Two prayers....

God's will be done and may He have mercy upon us all.

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A Catholic who follows Rome & the Magisterium. I'm against gay "marriage", abortion, embryonic stem cell research, euthanasia, human cloning. Altar girls, Communion in the hand, Eucharistic Ministers and "Protestant" music in the Church doesn't bother me at all. A proud American retired submarine sailor. Our borders should be secured with a 10 ft. high fence topped by concertina wire with minefields out to 20 yards on both sides and an additional 10 yards filled with warning signs outside of that Let's get energy independent NOW! Back Israel to the max, stop appeasing followers of the Pedophile Prophet. Pro 2nd Amendment, pro death penalty, Repeal all hate crime legislation. Back the police unless you'd rather call a hippie when everything hits the fan. Get government out of dealing with education, childhood obesity and the enviornment. Stop using the military for sociological experiments and if we're in a war don't micromanage their every move. Kill your television, limit time on the computer and pick up a book. God's will be done and may He have mercy upon us all.

Monday, April 06, 2009

Assisted suicide in Montana hitting a dead end...

Here's another story that emphasizes the importance of the "conscience clause" and the right of medical health workers to follow their consciences;

Helena, MT ( -- Like their counterparts in Washington state, a large number of doctors and hospitals in Montana are refusing to engage in assisted suicides. The state is the third to allow the practice -- at least until the Montana Supreme Court reviews a lower court's decision overturning the state's assisted suicide ban.

Four months after District Judge Dorothy McCarter opened the door for Montana to join Oregon and Washington in allowing the grisly practice, some potential suicide victims say they aren't finding any doctors who will aide them.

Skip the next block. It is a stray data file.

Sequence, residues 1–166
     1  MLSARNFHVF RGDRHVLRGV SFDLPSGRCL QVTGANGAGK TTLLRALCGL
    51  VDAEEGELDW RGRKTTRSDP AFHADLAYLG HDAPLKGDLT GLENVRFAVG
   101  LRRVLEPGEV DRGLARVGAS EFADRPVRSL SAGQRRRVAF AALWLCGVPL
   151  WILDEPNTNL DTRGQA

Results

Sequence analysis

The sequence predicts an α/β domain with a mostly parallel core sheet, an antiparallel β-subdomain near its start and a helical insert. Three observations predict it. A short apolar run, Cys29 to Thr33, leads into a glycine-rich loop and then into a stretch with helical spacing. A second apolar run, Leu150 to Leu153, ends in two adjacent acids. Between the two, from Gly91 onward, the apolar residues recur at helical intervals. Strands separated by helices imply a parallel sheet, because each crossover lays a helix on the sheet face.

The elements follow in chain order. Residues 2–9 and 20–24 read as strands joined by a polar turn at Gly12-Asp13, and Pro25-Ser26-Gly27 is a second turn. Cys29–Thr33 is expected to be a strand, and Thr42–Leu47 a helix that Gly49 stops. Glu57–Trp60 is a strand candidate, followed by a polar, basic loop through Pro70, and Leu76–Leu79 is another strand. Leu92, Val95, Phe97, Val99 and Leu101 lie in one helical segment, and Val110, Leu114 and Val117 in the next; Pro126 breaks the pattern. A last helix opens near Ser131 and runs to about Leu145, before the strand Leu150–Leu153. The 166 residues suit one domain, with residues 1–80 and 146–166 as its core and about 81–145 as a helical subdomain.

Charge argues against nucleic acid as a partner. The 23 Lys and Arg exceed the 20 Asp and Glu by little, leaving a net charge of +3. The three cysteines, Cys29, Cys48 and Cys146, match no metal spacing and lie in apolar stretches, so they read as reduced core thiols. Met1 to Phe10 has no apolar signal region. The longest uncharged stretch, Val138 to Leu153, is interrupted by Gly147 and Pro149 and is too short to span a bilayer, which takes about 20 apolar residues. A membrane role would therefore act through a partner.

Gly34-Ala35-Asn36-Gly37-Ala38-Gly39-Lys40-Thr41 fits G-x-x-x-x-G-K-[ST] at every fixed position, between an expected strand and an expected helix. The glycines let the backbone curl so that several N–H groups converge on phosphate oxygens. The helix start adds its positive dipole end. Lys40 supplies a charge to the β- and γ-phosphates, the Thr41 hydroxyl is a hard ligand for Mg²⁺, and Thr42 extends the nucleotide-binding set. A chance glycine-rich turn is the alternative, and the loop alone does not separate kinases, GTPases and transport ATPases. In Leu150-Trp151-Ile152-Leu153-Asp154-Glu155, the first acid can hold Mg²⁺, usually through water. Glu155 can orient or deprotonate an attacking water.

Compassion & Choices, the national pro-euthanasia group based in Colorado, held a conference call with reporters on Friday to highlight one woman's case.

"I feel as though my doctors do not feel able to respect my decision to choose aid in dying," pro-euthanasia officials read from a letter from 67-year-old Janet Murdock. "Access to physician aid in dying would restore my hope for a peaceful, dignified death in keeping with my values and beliefs." (and what about the values/beliefs of the doctors, don't they count?)

Dr. Kirk Stoner, the president of the Montana Medical Association, responded to the letter in an interview with the Associated Press.

His group initially upset pro-life advocates by refusing to submit legal papers against McCarter's decision to help state officials overturn it at the state supreme court. (So he plays on both sides of the street, interesting.)

He says he is not surprised that doctors are not stepping up to kill patients because they don't view that as their proper role.

"Our reason for being is to care for our patients," he said.

Kathryn Tucker, a lawyer for Compassion & Choices, says he hopes physicians will step up to the plate to help patients kill themselves.

"It's really said," she said. "Here we are after the ruling and Janet Murdock can't exercise that right." (Sure she can, just let her OD on prescribed meds.)